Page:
Worship changes lives.
I grew up using the 1928 Prayer Book. I was confirmed in Mexico using the 1979 Prayer Book. Over the years I have worshipped in many churches and communities. I have worshipped in the beautiful holiness of Anglican chant at Christ Church Cathedral and in the laid back ambience of summer camp at Camp Allen. I have been moved by the the organ at St. Martin’s in Houston and by the jazz of St. James in Austin. I have prayed with people using the '28 Prayer Book, Rite One and Rite Two, in Morning Prayer and the Holy Eucharist.
One of the greatest gifts I receive in undertaking my job is being able to worship and praise God by singing contemporary Christian music one Sunday, swinging incense the next Sunday and singing my favorite hymns the following Sunday.
If the church’s business is to live the Kingdom of God, then our worship must be a clear expression of that life.
Regardless of the style or form of worship, regardless of the size of the congregation or its ethnicity, I have learned that the clearest indicator of a congregations health is its love for what they do and how they create worship together.
That’s why I take my job as a liturgist seriously. I believe that the best way to celebrate the presence of God’s Kingdom is to make liturgy that appropriates the tradition of the church in creative, not nostalgic, ways. In other words, liturgy has to be alive. Liturgy that works is alive with the tradition that we consciously use in the service of God. And because I believe that liturgy must be alive, beautiful and real I believe that we will meet God every time we worship.
When we worship well together we are energized for the work that is before us. I believe that when it is done well (not just right) liturgy welcomes everyone to encounter the living God in the midst of the lively people. This liturgy will prepare people to grow into full, active and conscious worshippers and ministers. I expect that liturgy done well will make people powerful and wise and let them know God in new ways. And this way of worship will tell the truth about who we are, who God is and how we can hold these two truths in prayer. I believe that this way of prayer opens us not just to love for those we worship with, but opens to us the experience of transcendence.
We can be lifted out of our self-centeredness when we worship, and be prepared to serve others. God is present whenever two or three are gathered in the name of Jesus; not as a third or fourth in the group, but in the midst of the relationships we share with one another. I believe that worship makes us new as we open ourselves to God and to one another; opening ourselves to those who are like us and unlike us. And in this opening to the other – and to God – we are a part of the new creation that God is making right now. When we worship with the face of our neighbor in our heart and mind I believe that we learn that God loves us all, desires our company and longs to use our gifts for his glory. As those so loved we find the energy to love and serve others.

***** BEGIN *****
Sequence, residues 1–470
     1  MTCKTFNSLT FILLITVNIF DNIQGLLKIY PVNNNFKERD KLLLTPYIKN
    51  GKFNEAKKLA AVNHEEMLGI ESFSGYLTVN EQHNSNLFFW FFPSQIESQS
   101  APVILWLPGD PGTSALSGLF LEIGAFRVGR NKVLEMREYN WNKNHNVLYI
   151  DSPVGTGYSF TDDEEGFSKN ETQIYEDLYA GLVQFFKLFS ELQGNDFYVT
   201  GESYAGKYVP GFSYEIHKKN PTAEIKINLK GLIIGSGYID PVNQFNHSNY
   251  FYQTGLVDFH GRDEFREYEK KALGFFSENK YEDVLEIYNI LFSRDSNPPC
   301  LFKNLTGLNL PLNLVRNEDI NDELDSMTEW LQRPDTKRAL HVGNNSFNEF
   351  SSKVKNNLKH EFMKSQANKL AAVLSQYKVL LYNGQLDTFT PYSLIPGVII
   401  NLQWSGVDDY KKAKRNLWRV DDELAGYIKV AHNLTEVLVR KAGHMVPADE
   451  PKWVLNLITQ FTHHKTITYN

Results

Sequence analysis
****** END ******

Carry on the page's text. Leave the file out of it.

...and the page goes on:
Our liturgy is like our faith. Faith tells us that God is at work in the ambiguity of human life, in trust and in doubt, in our relationships and our loneliness, in the people we love and in strangers. Liturgy says the same thing. When we embrace this truth we are set free to worship - and to live in God’s Kingdom of love.
- "Christianity is not a theory or speculation, but a life; not a philosophy of life, but a life and a living process." Samuel Taylor Coleridge
- "Most people are willing to take the Sermon on the Mount as a flag to sail under, but few will use it as a rudder by which to steer." Oliver Wendell Holmes
- "Perfection, in a Christian sense, means becoming mature enough to give ourselves to others." Kathleen Norris
- "Do all the good you can, by all the means you can, in all the ways you can, in all the places you can, at all the times you can, to all the people you can, as long as ever you can." John Wesley
- "The Christian ideal has not been tried and found wanting; it has been found difficult and left untried." G. K. Chesterton
- "One of our great allies at present is the Church itself. Do not misunderstand me. I do not mean the Church as we see her spread out through all time and space and rooted in eternity, terrible as an army with banners. That, I confess, is a spectacle which makes our boldest tempters uneasy. But fortunately it is quite invisible to these humans." C. S. Lewis
- "When we say, 'I love Jesus, but I hate the Church,' we end up losing not only the Church but Jesus too. The challenge is to forgive the Church. This challenge is especially great because the church seldom asks us for forgiveness." Henri Nouwen, Bread for the Journey
- "Christians are hard to tolerate; I don't know how Jesus does it." Bono
- "It's too easy to get caught in our little church subcultures, and the result is that the only younger people we might know are Christians who are already inside the church." Dan Kimball